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Loretta Lynn, the queen of country music, reigns at Uptown Theater

Country icon Loretta Lynn, 82, performed an array of hits from her extensive catalog at her concert Saturday at the Uptown Theater.
Country icon Loretta Lynn, 82, performed an array of hits from her extensive catalog at her concert Saturday at the Uptown Theater. Special to The Star

Like the royal highness she is, Loretta Lynn held court at the Uptown Theater on Saturday night, and for about 80 minutes she gave nearly 1,600 of her subjects plenty to laugh, sing and cheer about.

The show was a family affair. Her son Ernie Lynn opened her set with a few covers, including Merle Haggard’s “Mama Tried” and Toby Keith’s “As Good as I Once Was,” which elicited the first of a few Viagra jokes.

Lynn’s twin daughters, Peggy and Patsy, who perform as the Lynns, sang a few, too, including one of their own called “Sara,” a song about a baby conceived during an adulterous one-night stand. Not the kind of story you hear on mainstream country radio.

With much fanfare, Lynn took the stage, wearing one of her signature shimmering, sequined gowns, this one the color of a café latte, and sang, “They Don’t Make ’Em Like My Daddy.”

Lynn, 82, has been suffering some leg issues that have required her to sit during most of her performance. But on Saturday, she stood for nearly half the show. Her voice all night was strong and agile, and she was as feisty, sassy and witty as ever. When she sang, “You’re Lookin’ at Country,” she was singing the truth.

Her sharp-dressed band, the Coal Miners, was solid and professional all night. She shared some of the spotlight with them. Guitarist and band leader Bart Hansen knelt beside her as they covered Conway Twitty’s “Lead Me On.”

Later, other Coal Miners took over the show for two songs, including a cover of the Eagles’ “Peaceful Easy Feeling,” the one forgettable moment of a memorable show. She also traded barbs with Ernie Lynn, most of which came off as rehearsed shtick.

Lynn sang most of her best-known songs — tales of survival and hard lessons learned. “You Ain’t Woman Enough (To Take My Man)” roused a crowd that remained seated but expressed its appreciation loudly. So did “The Pill,” “Honky Tonk Girl,” “Your Squaw Is on the Warpath” and “Don’t Come Home a’ Drinkin’.”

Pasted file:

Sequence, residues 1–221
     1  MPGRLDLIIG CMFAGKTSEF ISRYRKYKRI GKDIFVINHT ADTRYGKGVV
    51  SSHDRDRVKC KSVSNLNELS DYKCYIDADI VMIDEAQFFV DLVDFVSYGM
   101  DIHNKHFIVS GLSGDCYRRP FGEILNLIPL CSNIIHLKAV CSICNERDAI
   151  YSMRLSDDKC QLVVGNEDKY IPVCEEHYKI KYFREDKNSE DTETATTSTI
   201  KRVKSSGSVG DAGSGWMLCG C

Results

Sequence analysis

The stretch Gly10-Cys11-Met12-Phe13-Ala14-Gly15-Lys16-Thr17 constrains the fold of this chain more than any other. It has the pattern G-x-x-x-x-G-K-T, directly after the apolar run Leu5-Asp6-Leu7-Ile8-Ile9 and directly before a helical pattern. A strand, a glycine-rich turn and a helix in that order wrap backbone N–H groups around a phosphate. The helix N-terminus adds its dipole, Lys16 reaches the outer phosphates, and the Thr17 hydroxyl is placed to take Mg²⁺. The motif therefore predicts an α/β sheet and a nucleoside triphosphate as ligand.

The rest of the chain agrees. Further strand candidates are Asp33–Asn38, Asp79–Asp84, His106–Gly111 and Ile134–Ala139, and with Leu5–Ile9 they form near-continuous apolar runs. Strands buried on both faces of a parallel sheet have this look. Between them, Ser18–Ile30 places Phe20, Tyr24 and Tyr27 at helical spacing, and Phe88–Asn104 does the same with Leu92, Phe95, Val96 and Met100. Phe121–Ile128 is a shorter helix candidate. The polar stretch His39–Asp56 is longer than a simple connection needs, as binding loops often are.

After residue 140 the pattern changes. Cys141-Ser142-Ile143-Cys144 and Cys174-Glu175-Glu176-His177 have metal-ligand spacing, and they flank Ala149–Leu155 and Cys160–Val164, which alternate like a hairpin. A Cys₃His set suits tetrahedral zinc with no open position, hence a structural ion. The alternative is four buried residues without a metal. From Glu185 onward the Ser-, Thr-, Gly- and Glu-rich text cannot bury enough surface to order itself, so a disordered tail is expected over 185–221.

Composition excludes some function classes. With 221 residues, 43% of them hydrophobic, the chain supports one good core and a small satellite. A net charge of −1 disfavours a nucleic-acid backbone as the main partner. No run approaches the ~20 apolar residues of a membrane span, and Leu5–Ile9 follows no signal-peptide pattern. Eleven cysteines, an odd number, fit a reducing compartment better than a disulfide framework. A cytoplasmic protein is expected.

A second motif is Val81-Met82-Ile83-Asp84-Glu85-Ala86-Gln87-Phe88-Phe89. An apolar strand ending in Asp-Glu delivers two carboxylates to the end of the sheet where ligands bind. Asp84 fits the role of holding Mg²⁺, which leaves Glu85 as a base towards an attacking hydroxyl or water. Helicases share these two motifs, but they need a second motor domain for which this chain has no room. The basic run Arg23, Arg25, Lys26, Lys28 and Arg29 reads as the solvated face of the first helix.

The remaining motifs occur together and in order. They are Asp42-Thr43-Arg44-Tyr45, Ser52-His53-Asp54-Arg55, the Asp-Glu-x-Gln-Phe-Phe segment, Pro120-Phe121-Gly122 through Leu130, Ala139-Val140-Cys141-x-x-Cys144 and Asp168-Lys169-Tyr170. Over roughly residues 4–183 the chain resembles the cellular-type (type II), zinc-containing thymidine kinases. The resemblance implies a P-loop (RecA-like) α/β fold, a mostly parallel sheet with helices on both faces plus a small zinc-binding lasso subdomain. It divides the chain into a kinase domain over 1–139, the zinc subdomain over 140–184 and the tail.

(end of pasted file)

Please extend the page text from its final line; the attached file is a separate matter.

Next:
She stood again for her three-song finale. The first was the gospel hymn “Everybody Wants to Go to Heaven,” which includes the refrain “but nobody wants to die.” She followed that with “Where No One Stands Alone,” then her signature song, “Coal Miner’s Daughter,” which caused a few folks in the crowd to drop a tear or two.

This was a bucket list show for many. Whether you’re going to heaven or not, before you die you should see Loretta Lynn. They don’t make them like her either.

Nikki Lane

The opener, a 30-something from Greenville, S.C., played a longer-than-usual set, filling in for Wanda Jackson, who has had to cancel touring because of an illness.

Lane is a gifted songwriter with a vibrant personality, and she immediately won over the big crowd, most of whom had never seen her and many of whom had never heard of her. She is part outlaw country; thus the cover of Waylon Jennings’ “Waymore’s Blues.”

Other highlights of her one-hour set: “Man Up,” in which she delivers an ultimatum to her deadbeat husband; “You Can’t Talk to Me Like That”; and “Sleep With a Stranger” and “Walk of Shame,” both tales of sexual escapades.

Lane got mobbed in the lobby after her set, a sign, we hope, that she’ll be back here soon.

To reach Timothy Finn, call 816-234-4781 or send email to Follow the Back to Rockville blog on Twitter @kcstarrockville

Set list

Mama Tried; As Good as I Once Was; That’s All I’ve Got to Say; Sara; Tulsa Time; They Don’t Make ’Em Like My Daddy; You’re Looking at Country; When the Tingle Becomes a Chill; I Wanna Be Free; Blue Kentucky Girl; You Ain’t Woman Enough (To Take My Man); Love Is the Foundation; Fist City; She’s Got You; Lead Me On; Crazy Arms; One’s on the Way; The Pill; Honky Tonk Girl; Your Squaw Is on the Warpath; Don’t Come Home A’ Drinkin’; Feelins’; Sweet Thang; House at the End of the Road; Peaceful Easy Feeling; Everybody Wants to Go to Heaven; Where No One Stands Alone; Coal Miner’s Daughter.

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